Julius Kambarage Nyerere
Nyerere, Julius Kambarage (kämˌbəräˈgā nĪˌərāˈrā) [key], c.1922–99, African political leader, first president (1964–85) of Tanzania. Educated at Makerere College (Uganda) and the Univ. of Edinburgh, he taught in mission schools and founded (1954) the Tanganyika African National Union. Leader of the opposition (1954–60), he became chief minister after the 1960 elections. When Tanganyika attained independence (1961) he was prime minister and when it became a republic (1962), Nyerere was elected president. He brought Tanganyika and Zanzibar into a union as the republic of Tanzania (1964). Establishing a one-party state led by the Revolutionary Party of Tanzania (CCM), Nyerere authored a policy of African socialism characterized by economic self-reliance, egalitarianism, and local rural development, but it was ultimately unsuccessful economically. He engineered the ouster of Idi Amin in Uganda in 1979. Nyerere retired from the presidency in 1985 but remained chairman of CCM until 1990.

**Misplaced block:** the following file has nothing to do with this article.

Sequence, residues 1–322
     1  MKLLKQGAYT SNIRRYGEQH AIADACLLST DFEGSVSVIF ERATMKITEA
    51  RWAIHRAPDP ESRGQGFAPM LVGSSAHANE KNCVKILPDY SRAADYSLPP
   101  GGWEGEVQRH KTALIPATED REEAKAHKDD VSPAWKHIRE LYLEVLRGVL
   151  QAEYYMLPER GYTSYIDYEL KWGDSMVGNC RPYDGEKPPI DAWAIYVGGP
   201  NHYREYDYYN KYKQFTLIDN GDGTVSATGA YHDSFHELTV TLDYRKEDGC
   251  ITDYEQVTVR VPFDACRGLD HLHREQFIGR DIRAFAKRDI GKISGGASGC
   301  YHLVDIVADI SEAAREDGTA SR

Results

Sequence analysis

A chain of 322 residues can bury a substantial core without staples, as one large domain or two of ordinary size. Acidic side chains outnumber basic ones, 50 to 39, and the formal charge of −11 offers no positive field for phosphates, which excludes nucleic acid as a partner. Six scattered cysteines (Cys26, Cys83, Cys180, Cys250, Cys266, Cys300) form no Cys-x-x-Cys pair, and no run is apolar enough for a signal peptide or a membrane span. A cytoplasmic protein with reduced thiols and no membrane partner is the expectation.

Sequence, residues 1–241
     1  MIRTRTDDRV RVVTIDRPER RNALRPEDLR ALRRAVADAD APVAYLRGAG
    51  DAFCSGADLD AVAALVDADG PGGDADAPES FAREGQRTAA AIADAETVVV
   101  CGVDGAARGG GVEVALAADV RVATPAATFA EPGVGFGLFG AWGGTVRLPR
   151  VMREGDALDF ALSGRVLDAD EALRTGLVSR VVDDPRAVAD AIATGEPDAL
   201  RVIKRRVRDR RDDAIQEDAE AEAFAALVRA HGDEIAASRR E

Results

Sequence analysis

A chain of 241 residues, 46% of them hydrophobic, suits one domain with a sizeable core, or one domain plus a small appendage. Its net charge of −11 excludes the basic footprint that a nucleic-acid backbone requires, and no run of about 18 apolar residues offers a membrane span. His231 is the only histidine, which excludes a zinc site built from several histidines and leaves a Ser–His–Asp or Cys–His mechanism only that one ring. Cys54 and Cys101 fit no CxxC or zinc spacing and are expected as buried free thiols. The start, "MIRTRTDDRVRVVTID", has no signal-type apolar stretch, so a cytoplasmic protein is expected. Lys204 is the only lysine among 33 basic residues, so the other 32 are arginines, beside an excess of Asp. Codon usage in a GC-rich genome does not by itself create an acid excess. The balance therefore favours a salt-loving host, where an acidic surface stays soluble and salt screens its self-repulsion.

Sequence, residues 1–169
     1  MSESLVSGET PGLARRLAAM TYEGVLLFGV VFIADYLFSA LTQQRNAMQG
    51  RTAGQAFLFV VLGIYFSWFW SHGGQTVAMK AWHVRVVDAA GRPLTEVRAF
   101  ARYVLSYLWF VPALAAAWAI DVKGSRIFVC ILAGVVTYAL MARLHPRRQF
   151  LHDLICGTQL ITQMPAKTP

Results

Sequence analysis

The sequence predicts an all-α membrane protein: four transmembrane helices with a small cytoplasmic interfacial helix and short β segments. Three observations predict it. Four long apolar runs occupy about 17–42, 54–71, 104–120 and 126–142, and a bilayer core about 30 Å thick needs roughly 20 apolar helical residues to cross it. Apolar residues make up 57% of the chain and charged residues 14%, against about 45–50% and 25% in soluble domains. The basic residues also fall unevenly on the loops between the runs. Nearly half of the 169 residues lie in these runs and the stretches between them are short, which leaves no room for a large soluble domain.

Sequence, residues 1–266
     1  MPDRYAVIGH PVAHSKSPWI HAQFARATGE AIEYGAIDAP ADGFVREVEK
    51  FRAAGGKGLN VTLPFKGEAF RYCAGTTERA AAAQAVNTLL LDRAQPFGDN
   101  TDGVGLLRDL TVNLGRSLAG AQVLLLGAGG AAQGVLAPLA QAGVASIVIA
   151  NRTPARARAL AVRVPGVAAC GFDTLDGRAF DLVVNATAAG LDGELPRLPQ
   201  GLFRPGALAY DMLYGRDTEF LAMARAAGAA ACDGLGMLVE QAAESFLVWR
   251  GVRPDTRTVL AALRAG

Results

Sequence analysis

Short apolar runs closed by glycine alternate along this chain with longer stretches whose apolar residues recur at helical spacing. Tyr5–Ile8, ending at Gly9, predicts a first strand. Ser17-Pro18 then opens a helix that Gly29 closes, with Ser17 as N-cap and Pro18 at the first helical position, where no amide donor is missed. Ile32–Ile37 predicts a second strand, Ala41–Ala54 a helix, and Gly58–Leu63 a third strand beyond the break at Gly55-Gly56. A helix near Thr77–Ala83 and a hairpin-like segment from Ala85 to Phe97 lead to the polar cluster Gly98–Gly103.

See biography by G. Leibenow (1987).
The Columbia Electronic Encyclopedia, 6th ed. Copyright © 2012, Columbia University Press. All rights reserved.
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